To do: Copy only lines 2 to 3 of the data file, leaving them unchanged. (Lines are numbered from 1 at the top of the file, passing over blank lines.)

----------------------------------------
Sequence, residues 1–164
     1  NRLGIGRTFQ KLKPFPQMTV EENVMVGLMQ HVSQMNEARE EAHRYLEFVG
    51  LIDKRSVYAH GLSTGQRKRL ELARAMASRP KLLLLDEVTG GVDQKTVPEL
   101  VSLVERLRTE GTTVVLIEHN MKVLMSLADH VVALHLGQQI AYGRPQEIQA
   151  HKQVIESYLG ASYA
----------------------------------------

     1  NRLGIGRTFQ KLKPFPQMTV EENVMVGLMQ HVSQMNEARE EAHRYLEFVG
    51  LIDKRSVYAH GLSTGQRKRL ELARAMASRP KLLLLDEVTG GVDQKTVPEL